Sponsors of a bill that would force North Carolina sheriffs to cooperate with Immigration and Customs Enforcement have been clear about what prompted it: The election of new sheriffs—including in Durham, Wake, Mecklenburg, Buncombe, and Forsyth Counties—who pledged to stop participating in ICE programs.
Counties that had previously participated in the federal 287(g) program, which deputizes local officers to carry out some immigration enforcement duties, promptly ended their agreements, and agencies that had complied with ICE detainer requests announced that, going forward, they would only hold people in jail for ICE with a judge’s order.
This, according to Republicans in the state House, could not stand.
“These sanctuary sheriffs are simply putting partisan politics ahead of public safety,” Representative Destin Hall, a sponsor of House Bill 370, said on the House floor April 3, shortly before the measure passed on a party-line vote of 63–51. (Hall didn’t respond to an interview request.)
That’s not a big enough margin to overcome a veto, should the bill pass the Senate, where Republicans have a slimmer majority than in the House. But despite the apparent long odds, its backers—including the powerful House Speaker Tim Moore—have sought to raise the bill’s profile.
Last month, Moore appeared on Fox News’ primetime show The Ingraham Angle, whose host, Laura Ingraham, famously ranted last year about “massive demographic changes” that “most of us don’t like” because “the America that we know and love doesn’t exist anymore.” Moore told Ingraham’s viewers, “It’s just irresponsible for any official, particularly a law enforcement official, to in any way advocate releasing someone who is a criminal, who committed a crime, back out onto the streets, who should not even be here. … Some of the folks that we’ve seen already in North Carolina in these counties where some of these sheriffs have done this are people who assaulted law enforcement officers, are people who committed sex offenses.”
A study of forty years of data published in the Journal of Ethnicity in Criminal Research in 2016, however, found no correlation between immigration and crime. On the contrary, the researchers said, “Our results indicate that immigration is consistently linked to decreases in violent (e.g., murder) and property (e.g., burglary) crime” from 1970 to 2010.
Nationwide, the vast majority of people subject to ICE’s detainer requests have no or minor criminal records. In North Carolina, of the nearly forty-six thousand individuals ICE asked to be detained from the fiscal years 2003 to 2016, only 60 percent had been convicted of a crime, according to Syracuse University’s Transactional Records Clearinghouse, and many of those holds were sent to state prisons, not local jails. (More recent information isn’t available through TRAC because it’s been withheld by the Trump administration.)
“The public safety thing is really a red herring in the reality that ICE is physically present at state prisons, where disproportionately individuals with serious crimes are being held and serving their sentence,” says Mark Fleming, associate director of litigation at the National Immigrant Justice Center. “Really, what this is about is how wide can you make the net to get as many undocumented immigrants or immigrants that are otherwise deportable into the pipeline.”
But Moore’s rhetoric echoes that of President Trump. Trump—like Governor Cooper and the entire General Assembly—will be on the ballot next year, and his hardline immigration policies, designed to energize his base, will likely be front and center during the campaign. In a broad sense, Moore needs Trump to do well in North Carolina to prevent further Democratic gains in the legislature and to have any hope of ousting Cooper.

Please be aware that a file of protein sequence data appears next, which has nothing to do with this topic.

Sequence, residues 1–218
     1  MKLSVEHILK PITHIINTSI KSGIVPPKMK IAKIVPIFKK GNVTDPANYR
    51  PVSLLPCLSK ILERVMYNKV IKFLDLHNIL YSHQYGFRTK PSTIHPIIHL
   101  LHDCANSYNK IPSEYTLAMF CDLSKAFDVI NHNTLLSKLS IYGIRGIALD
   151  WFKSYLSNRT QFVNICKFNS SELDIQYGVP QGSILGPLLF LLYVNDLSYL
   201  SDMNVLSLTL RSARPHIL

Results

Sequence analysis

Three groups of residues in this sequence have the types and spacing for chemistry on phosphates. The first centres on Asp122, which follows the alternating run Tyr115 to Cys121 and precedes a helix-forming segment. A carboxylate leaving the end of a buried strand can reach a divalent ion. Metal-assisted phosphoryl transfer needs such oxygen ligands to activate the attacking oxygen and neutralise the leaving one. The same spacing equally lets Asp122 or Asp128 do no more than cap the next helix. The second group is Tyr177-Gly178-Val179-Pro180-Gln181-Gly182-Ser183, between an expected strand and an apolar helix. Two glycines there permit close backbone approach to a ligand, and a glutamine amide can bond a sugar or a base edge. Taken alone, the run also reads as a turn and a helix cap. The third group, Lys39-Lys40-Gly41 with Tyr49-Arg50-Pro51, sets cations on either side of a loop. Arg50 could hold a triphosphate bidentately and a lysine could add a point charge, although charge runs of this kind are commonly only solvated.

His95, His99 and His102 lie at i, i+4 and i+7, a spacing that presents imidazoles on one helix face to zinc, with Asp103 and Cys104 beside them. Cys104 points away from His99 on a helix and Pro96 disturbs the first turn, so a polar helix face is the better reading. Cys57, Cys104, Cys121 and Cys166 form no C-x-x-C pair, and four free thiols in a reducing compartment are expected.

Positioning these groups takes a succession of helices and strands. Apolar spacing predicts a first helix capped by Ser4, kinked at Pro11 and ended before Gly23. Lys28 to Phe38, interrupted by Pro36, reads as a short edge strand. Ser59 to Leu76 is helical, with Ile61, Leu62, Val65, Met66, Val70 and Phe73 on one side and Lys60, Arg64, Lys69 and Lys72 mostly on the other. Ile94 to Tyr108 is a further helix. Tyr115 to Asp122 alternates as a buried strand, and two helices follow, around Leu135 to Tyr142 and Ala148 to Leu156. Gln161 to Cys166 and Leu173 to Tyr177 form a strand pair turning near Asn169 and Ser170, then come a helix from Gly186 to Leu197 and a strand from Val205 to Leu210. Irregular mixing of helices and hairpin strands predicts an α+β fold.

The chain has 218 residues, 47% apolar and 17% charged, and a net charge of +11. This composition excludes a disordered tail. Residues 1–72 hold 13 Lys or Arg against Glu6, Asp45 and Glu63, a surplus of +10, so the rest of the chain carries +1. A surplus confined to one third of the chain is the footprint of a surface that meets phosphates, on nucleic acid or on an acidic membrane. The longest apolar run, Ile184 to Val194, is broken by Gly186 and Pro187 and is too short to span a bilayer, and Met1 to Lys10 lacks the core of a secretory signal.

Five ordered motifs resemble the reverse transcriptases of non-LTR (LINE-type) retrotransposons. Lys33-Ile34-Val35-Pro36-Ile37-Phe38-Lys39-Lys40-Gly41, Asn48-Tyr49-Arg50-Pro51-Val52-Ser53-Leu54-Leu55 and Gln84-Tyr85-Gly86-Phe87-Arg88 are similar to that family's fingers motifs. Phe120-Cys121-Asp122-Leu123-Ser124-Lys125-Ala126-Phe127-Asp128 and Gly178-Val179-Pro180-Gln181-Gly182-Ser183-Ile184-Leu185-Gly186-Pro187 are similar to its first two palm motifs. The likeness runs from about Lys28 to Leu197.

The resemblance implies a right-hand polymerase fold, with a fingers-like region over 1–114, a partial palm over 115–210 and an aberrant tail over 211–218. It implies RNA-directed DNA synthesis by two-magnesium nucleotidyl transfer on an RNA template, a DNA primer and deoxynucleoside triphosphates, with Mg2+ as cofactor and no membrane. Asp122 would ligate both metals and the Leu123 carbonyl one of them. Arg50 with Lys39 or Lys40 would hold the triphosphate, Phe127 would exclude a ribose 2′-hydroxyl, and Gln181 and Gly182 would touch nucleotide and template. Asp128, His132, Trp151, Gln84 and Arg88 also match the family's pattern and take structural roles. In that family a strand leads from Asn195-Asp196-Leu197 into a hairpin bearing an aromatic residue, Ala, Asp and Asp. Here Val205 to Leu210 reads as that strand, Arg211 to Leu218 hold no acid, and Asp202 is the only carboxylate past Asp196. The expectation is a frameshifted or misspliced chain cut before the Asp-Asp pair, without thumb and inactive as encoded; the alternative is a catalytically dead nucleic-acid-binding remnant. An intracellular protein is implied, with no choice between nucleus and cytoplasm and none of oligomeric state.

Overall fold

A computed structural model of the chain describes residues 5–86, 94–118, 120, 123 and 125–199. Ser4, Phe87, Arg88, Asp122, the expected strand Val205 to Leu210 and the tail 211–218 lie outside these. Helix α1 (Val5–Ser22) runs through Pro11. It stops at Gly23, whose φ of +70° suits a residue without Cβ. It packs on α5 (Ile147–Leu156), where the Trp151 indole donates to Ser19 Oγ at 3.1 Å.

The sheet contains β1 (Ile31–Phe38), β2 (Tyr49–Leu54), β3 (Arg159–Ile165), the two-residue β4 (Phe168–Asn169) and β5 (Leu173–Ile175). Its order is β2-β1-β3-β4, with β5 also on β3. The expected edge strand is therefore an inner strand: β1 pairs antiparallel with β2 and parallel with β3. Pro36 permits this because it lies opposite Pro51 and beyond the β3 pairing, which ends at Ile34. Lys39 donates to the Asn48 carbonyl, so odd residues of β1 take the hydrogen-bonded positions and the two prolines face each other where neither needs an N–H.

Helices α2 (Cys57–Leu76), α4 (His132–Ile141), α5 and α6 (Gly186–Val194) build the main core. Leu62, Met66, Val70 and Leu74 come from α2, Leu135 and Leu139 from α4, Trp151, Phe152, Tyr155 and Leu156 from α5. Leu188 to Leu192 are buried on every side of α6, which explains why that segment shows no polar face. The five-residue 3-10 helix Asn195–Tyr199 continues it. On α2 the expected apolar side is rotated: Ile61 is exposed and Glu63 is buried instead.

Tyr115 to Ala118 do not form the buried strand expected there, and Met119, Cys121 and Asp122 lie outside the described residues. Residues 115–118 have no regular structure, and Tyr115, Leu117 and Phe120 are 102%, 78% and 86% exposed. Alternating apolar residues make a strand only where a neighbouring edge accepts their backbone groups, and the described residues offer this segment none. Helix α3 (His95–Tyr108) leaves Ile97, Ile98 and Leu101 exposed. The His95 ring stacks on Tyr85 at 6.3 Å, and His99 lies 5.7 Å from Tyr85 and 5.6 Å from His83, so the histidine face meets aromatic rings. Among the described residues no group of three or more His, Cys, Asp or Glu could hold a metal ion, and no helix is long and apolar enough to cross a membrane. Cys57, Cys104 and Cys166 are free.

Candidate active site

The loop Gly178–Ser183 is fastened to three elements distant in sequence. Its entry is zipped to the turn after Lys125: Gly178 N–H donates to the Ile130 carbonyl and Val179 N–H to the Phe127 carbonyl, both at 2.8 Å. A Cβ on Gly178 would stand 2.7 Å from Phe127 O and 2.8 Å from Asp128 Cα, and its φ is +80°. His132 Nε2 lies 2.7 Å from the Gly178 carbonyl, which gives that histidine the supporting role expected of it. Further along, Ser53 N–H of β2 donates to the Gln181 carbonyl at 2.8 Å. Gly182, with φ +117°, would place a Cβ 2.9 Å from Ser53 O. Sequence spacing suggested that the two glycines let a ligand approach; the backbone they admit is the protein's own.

But for Moore, who lost his GOP supermajorities in November, there’s no downside: If Cooper vetoes the bill, Republicans can run attack ads accusing him of being weak on crime. If he doesn’t, progressives will likely savage him.
Cooper hasn’t taken a position on HB 370.
Subtract the politics, though, and immigrants’ rights advocates and legal experts say that, taken on its merits, HB 370 is a mess. If it actually became law, it would both jeopardize public safety and put the state’s sheriffs in legal binds.
“Anytime you have that close cooperation between local law enforcement agencies and immigration authorities, it leads to that sort of erosion of trust, which makes communities less safe,” says Raul Pinto, a staff attorney with the North Carolina Justice Center’s Immigrant and Refugee Rights Project. “So it’s really counter to the stated purpose of the bill.”
HB 370 would require sheriffs to honor ICE’s detainer requests, which ask local jails to hold people after they would otherwise be released or give ICE advanced notice before they’re released. (Hall has said ICE was consulted in crafting the bill.) Nothing in federal law requires local law enforcement to comply with detainers. In fact, multiple courts have found that they are not mandatory.
HB 370 would take away sheriffs’ discretion, the North Carolina Sheriff’s Association said in opposing the legislation with “high priority,” an announcement that came five hours before the House passed it.
Sheriffs who oppose the bill say it’s not their job to enforce federal immigration laws. They want all of their constituents, regardless of immigration status, to feel comfortable interacting with law enforcement. Indeed, immigrant advocates say HB 370 will discourage immigrants from reporting crimes, and this problem is particularly acute when it comes to domestic violence victims, whose safety may depend on calling 911. (After President Trump issued an executive order stating that no one would be exempt from immigration enforcement, The Los Angeles Times found that reports of domestic violence among Latinx Californians declined significantly—by as much as 18 percent in San Francisco.) Several state domestic violence organizations have come out against the bill.